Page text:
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Rabbi Robinson’s Sermon Feb. 16 2024

Parashat Terumah: Heaven is a Place on Earth Plaut p. 545 

Source Sheet by Yair Robinson 



Exodus 25:1-8 

(1) יהוה spoke to Moses, saying: (2) Tell the Israelite people to bring Me gifts; you shall accept gifts for Me from every person whose heart is so moved. (3) And these are the gifts that you shall accept from them: gold, silver, and copper; (4) blue, purple, and crimson yarns, fine linen, goats’ hair; (5) tanned ram skins,*tanned ram skins Others “rams’ skins dyed red.” dolphin*dolphin Or “dugong”; meaning of Hebrew taḥash uncertain. skins, and acacia wood; (6) oil for lighting, spices for the anointing oil and for the aromatic incense; (7) lapis lazuli*lapis lazuli Cf. Gen. 2.12 and note. and other stones for setting, for the ephod and for the breastpiece. (8) And let them make Me a sanctuary that I may dwell among them. 


שמות כ״ה:א׳-ח׳ 

(א) וַיְדַבֵּ֥ר יְהֹוָ֖ה אֶל־מֹשֶׁ֥ה לֵּאמֹֽר׃ (ב) דַּבֵּר֙ אֶל־בְּנֵ֣י יִשְׂרָאֵ֔ל וְיִקְחוּ־לִ֖י תְּרוּמָ֑ה מֵאֵ֤ת כׇּל־אִישׁ֙ אֲשֶׁ֣ר יִדְּבֶ֣נּוּ לִבּ֔וֹ תִּקְח֖וּ אֶת־תְּרוּמָתִֽי׃ (ג) וְזֹאת֙ הַתְּרוּמָ֔ה אֲשֶׁ֥ר תִּקְח֖וּ מֵאִתָּ֑ם זָהָ֥ב וָכֶ֖סֶף וּנְחֹֽשֶׁת׃ (ד) וּתְכֵ֧לֶת וְאַרְגָּמָ֛ן וְתוֹלַ֥עַת שָׁנִ֖י וְשֵׁ֥שׁ וְעִזִּֽים׃ (ה) וְעֹרֹ֨ת אֵילִ֧ם מְאׇדָּמִ֛ים וְעֹרֹ֥ת תְּחָשִׁ֖ים וַעֲצֵ֥י שִׁטִּֽים׃ (ו) שֶׁ֖מֶן לַמָּאֹ֑ר בְּשָׂמִים֙ לְשֶׁ֣מֶן הַמִּשְׁחָ֔ה וְלִקְטֹ֖רֶת הַסַּמִּֽים׃ (ז) אַבְנֵי־שֹׁ֕הַם וְאַבְנֵ֖י מִלֻּאִ֑ים לָאֵפֹ֖ד וְלַחֹֽשֶׁן׃ (ח) וְעָ֥שׂוּ לִ֖י מִקְדָּ֑שׁ וְשָׁכַנְתִּ֖י בְּתוֹכָֽם׃ 



Akeidat Yitzchak 52:1:3 

Midrash Tanchuma on our Parshah writes that Moses had conceptual difficulties with three of God’s instructions. When God instructed that the half shekel was to be a kopher nefesh a soul’s ransom, Moses queried “how can anyone ransom his soul by means of a financial donation?” God replied that God did not mean for the Jews to donate according to GOD’S yardsticks and ability, but according to their own yardsticks and ability. When God instructed that the Jews build a sanctuary for God, Moses queried how God, who cannot be contained by the whole universe, could possibly be contained by such a miniscule structure as the tabernacle? Again God replied that contrary to what Moses thought, the Jewish people were asked to do only things which were in keeping with their own ability, i.e. twenty beams in the South, twenty in the North, etc… 


עקידת יצחק נ״ב:א׳:ג׳ 

במדרש (תנחומא פ’ כי תשא) על שלשה דברים נתקשה משה לפני הקב”ה. כשא”ל ונתנו איש כופר נפשו לי”י אמר לפניו רבונו של עולם וכי יוכל אדם לתת כופר נפשו א”ל משה לא כמו שאתה סבור איני אומר שיתנו כפי כחי אלא כפי כחם זה יתנו כל העובר על הפקודים מחצית השקל וכשא”ל (שמות כ”ה) ועשו לי מקרש א”ל רבונו של עולם הלא את השמים ואת הארץ אתה מלא ואיך יוכלו לעשות לך בית המקדש אמר לו לא כמו שאתה סבור איני אומר שיעשו כפי כחי אלא כפי כחם עשרים קרשים בדרום ועשרים בצפון ושמנה במערב וכו’…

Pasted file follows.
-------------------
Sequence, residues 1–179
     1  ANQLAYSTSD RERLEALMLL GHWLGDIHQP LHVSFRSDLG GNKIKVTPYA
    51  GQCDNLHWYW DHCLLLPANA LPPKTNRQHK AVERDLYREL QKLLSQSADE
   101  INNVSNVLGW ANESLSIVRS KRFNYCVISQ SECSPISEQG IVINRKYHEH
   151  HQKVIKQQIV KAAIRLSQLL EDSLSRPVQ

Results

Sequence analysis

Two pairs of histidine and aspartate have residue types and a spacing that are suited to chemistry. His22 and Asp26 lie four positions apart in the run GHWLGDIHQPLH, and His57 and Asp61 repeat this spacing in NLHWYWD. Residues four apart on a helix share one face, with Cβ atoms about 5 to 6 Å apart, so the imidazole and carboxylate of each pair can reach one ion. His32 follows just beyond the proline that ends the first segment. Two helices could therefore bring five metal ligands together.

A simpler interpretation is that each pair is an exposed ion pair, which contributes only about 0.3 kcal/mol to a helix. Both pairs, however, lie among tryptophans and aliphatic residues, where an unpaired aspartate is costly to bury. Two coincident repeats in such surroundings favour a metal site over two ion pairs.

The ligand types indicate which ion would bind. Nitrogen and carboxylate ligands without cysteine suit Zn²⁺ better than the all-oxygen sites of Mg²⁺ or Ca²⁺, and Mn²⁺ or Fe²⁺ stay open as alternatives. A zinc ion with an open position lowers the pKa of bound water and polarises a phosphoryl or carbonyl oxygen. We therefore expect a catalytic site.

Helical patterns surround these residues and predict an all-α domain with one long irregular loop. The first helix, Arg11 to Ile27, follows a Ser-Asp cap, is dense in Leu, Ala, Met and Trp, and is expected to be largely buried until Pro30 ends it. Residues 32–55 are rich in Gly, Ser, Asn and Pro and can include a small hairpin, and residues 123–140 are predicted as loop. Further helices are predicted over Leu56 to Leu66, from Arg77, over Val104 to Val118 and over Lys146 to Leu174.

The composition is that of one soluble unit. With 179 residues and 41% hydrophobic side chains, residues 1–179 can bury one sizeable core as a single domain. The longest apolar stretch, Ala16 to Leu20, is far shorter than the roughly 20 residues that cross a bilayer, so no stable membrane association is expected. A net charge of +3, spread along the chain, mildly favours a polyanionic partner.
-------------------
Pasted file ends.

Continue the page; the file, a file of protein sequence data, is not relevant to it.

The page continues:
In a mountain village many years ago, there was a Jewish nobleman who wanted to leave a legacy for people of his town. So he decided to build a synagogue. 

In the course of his planning, the nobleman decided that no one should see the plans for the building until it was finished. He built a wall around the entire area, and swore the workers to secrecy. They worked day and night. And the people of the town would gather around the walls, wondering what was inside. 


Finally, the work was completed, and the people began to enter. What they saw astounded them. No one could remember so beautiful a synagogue anywhere in the world. They marveled at its magnificent windows, and admired its intricate designs. They stood in awe of its craftsmanship and attention to detail. 


But then, one of the crowd noticed a serious flaw. “Where are the lamps?” she asked. “What will provide the lighting?” The crowd looked around, and indeed, there were no lamps. They began to talk amongst themselves, “He’s built such a beautiful building, but forgotten to provide any light, so that we can see when we worship.” The murmuring grew louder and louder. 


Until finally, the nobleman held up his hand to silence the congregation. He pointed to a series of brackets that hung all along the walls of the synagogue. And he handed a lamp to each family. “The lamps,” he said, “belong not to the synagogue but to you. Whenever you come here, you should bring your lamp, so that your light will fill this place of prayer. And, each time you are not here, a part of the synagogue will be dark. Your community is relying on your light.”